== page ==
Manuscript Preparation, Copyediting, and Proofreading

Q. If a document references only one figure, should it be labeled “Figure 1” or assigned no number?

A. A lone figure, even if it is referred to in the text, can usually remain unnumbered:

All but one of the posters relied on a conventional list; the outlier used an infographic (see figure).

The corresponding figure caption would begin with “Figure” or “Fig.” This approach is recommended by the AMA Manual of Style (11th ed., and Scientific Style and Format (8th ed., 30.2.1)—though the word “figure” would be capitalized in direct references in both of those styles.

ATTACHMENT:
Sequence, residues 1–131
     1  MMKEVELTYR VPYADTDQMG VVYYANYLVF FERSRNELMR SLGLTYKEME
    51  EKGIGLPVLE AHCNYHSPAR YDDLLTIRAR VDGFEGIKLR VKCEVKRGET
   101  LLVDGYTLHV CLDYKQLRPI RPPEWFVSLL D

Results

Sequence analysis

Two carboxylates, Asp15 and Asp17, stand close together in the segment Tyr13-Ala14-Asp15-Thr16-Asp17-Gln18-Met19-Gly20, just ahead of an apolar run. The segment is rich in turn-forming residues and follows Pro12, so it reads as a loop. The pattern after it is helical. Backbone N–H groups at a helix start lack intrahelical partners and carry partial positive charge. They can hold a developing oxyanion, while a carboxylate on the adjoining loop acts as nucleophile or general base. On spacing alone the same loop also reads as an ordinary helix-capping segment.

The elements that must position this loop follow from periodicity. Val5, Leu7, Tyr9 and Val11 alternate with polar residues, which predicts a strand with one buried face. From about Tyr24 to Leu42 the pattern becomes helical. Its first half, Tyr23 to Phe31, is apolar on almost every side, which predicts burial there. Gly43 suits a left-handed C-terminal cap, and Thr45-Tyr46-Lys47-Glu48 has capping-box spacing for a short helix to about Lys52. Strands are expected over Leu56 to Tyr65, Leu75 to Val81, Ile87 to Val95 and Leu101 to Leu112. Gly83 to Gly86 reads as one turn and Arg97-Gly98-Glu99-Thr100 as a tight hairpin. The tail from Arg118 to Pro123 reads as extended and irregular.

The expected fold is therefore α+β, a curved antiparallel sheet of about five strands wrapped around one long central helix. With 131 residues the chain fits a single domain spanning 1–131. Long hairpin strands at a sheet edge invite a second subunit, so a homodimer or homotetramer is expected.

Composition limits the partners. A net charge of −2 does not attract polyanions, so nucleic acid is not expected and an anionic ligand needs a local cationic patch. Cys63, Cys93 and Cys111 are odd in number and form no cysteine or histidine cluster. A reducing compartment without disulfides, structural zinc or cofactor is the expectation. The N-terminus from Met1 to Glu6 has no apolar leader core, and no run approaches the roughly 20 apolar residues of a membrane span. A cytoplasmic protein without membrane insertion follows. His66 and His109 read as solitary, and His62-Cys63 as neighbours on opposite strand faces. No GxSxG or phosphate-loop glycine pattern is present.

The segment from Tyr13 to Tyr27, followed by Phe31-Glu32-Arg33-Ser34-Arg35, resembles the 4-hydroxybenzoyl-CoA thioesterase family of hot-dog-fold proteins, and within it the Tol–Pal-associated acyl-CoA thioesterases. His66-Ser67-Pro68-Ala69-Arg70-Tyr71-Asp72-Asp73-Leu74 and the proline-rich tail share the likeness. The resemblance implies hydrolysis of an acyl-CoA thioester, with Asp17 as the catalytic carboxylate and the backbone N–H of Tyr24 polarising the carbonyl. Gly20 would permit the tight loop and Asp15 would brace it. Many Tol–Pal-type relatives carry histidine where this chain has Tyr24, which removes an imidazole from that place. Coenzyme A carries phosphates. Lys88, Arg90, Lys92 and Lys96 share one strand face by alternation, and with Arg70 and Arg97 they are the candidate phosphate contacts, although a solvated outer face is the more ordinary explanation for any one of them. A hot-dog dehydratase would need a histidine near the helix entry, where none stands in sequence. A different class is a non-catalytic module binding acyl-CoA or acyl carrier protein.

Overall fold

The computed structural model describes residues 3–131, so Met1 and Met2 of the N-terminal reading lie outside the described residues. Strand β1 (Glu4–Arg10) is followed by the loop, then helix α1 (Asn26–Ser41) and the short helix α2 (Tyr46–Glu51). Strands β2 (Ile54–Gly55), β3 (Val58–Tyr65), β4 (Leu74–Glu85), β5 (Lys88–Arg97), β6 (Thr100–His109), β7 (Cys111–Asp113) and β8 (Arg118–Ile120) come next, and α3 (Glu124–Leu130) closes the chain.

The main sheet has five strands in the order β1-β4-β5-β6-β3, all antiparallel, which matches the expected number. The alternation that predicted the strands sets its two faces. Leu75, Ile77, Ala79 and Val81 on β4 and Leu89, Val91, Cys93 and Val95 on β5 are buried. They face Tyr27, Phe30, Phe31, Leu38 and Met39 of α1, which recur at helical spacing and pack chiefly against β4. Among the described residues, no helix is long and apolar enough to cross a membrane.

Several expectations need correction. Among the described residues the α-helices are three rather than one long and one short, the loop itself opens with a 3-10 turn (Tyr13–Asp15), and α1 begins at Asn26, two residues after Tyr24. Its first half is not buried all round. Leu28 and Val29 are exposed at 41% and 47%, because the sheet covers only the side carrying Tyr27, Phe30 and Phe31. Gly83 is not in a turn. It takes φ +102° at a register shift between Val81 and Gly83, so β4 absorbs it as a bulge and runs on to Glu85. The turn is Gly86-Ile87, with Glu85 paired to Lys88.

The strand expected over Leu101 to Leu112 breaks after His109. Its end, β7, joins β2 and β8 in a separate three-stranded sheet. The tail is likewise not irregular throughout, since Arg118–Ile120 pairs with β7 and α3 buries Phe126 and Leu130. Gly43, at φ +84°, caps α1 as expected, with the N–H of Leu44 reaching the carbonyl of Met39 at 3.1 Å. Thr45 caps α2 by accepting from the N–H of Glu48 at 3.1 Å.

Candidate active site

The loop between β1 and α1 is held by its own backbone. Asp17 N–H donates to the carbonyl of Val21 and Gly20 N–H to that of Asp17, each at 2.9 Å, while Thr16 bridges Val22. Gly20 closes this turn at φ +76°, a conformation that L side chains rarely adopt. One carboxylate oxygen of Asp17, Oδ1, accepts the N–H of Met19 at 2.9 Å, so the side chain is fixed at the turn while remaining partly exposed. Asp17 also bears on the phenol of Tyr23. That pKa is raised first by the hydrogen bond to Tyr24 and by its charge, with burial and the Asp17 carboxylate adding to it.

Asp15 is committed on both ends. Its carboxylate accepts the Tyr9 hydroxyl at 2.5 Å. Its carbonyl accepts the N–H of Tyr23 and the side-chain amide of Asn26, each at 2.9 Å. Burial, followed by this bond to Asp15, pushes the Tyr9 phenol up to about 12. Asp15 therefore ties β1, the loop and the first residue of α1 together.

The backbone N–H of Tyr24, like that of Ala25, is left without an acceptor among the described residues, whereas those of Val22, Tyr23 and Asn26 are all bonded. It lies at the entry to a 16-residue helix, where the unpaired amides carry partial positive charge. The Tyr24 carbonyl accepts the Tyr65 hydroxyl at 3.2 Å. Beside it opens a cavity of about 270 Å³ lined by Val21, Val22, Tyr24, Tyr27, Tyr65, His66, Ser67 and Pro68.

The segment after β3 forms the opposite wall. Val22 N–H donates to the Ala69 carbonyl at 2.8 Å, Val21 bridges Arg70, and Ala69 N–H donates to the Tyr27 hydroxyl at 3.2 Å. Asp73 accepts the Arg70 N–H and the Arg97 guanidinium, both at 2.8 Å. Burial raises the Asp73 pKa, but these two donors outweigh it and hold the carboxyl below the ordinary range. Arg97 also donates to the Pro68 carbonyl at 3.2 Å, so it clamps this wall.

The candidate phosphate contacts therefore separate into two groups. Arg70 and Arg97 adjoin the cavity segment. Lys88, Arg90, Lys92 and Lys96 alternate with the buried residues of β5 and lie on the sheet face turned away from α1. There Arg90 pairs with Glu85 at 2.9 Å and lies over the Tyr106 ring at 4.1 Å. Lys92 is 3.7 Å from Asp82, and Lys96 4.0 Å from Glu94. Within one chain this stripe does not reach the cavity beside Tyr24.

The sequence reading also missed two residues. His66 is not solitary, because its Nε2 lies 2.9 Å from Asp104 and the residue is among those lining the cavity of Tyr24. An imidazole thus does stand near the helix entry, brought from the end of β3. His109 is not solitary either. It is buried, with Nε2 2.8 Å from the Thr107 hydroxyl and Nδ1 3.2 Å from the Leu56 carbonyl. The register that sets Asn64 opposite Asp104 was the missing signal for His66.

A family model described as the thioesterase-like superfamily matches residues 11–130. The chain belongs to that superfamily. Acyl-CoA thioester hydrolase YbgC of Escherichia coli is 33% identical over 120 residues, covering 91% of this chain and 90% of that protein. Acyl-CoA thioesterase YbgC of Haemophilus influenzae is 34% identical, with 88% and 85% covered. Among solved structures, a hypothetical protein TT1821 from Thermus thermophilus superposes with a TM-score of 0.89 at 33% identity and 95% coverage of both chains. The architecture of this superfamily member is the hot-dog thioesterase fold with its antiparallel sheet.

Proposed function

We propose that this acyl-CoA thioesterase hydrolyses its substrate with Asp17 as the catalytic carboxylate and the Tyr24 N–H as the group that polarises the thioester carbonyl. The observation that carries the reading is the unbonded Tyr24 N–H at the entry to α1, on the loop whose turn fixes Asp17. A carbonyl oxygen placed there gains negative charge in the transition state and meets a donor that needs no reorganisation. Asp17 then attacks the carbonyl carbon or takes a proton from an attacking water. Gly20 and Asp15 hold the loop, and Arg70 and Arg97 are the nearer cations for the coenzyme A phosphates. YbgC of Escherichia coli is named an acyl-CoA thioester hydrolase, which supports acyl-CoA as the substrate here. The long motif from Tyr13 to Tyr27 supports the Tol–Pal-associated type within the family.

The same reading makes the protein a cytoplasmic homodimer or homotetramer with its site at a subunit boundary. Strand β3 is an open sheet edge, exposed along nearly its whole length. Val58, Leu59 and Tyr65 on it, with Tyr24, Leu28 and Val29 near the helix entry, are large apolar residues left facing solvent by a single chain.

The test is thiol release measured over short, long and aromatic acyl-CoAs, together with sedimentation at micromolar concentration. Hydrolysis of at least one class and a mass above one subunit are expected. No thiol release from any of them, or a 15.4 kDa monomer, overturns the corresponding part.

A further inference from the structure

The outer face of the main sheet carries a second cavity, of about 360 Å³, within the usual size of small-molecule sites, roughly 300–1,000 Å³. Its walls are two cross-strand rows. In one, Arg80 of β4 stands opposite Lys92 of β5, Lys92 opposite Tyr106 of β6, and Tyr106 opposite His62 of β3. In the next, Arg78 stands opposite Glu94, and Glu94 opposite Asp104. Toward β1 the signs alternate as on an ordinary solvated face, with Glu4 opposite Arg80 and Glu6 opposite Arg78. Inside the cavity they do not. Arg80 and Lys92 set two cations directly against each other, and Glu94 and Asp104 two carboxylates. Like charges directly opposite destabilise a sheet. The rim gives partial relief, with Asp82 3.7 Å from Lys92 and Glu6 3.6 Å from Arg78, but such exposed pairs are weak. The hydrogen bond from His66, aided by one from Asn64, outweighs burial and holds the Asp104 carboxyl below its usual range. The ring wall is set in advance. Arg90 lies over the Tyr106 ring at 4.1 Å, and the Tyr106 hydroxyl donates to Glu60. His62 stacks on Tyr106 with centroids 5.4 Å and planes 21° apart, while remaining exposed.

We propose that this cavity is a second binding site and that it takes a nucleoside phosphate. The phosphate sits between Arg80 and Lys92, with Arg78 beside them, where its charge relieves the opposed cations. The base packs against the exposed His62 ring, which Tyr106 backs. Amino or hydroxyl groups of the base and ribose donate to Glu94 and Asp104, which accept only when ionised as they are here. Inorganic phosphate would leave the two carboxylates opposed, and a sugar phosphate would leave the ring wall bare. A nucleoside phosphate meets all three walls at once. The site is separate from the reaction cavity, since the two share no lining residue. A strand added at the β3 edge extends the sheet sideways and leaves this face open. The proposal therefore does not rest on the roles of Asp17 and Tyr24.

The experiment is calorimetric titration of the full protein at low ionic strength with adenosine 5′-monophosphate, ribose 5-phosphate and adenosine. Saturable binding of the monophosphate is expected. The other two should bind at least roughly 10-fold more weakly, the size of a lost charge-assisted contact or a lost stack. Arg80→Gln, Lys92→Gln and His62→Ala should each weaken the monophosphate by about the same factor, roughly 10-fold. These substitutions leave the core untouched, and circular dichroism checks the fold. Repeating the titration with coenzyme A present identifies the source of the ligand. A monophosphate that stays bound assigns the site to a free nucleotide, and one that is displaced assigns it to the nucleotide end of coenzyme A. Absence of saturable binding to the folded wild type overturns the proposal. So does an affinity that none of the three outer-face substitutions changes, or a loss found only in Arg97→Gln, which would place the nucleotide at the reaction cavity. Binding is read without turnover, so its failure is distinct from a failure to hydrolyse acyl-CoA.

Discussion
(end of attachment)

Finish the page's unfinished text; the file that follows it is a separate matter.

But assigning a number to such a figure would be appropriate in at least three scenarios: (1) the figure is the only one in a chapter in a book featuring numbered figures in other chapters; (2) the figure is the only one in an article in a journal whose house style requires assigning numbers for all figures for consistency across articles; and (3) the figure occurs in a context that also includes more than one numbered table (e.g., fig. 1 and tables 1 and 2).

CMOS, which is a general reference, allows for any of those approaches. But note that all figures, whether they will be numbered in the published version or not, should carry a working number in the manuscript (see CMOS 3.13).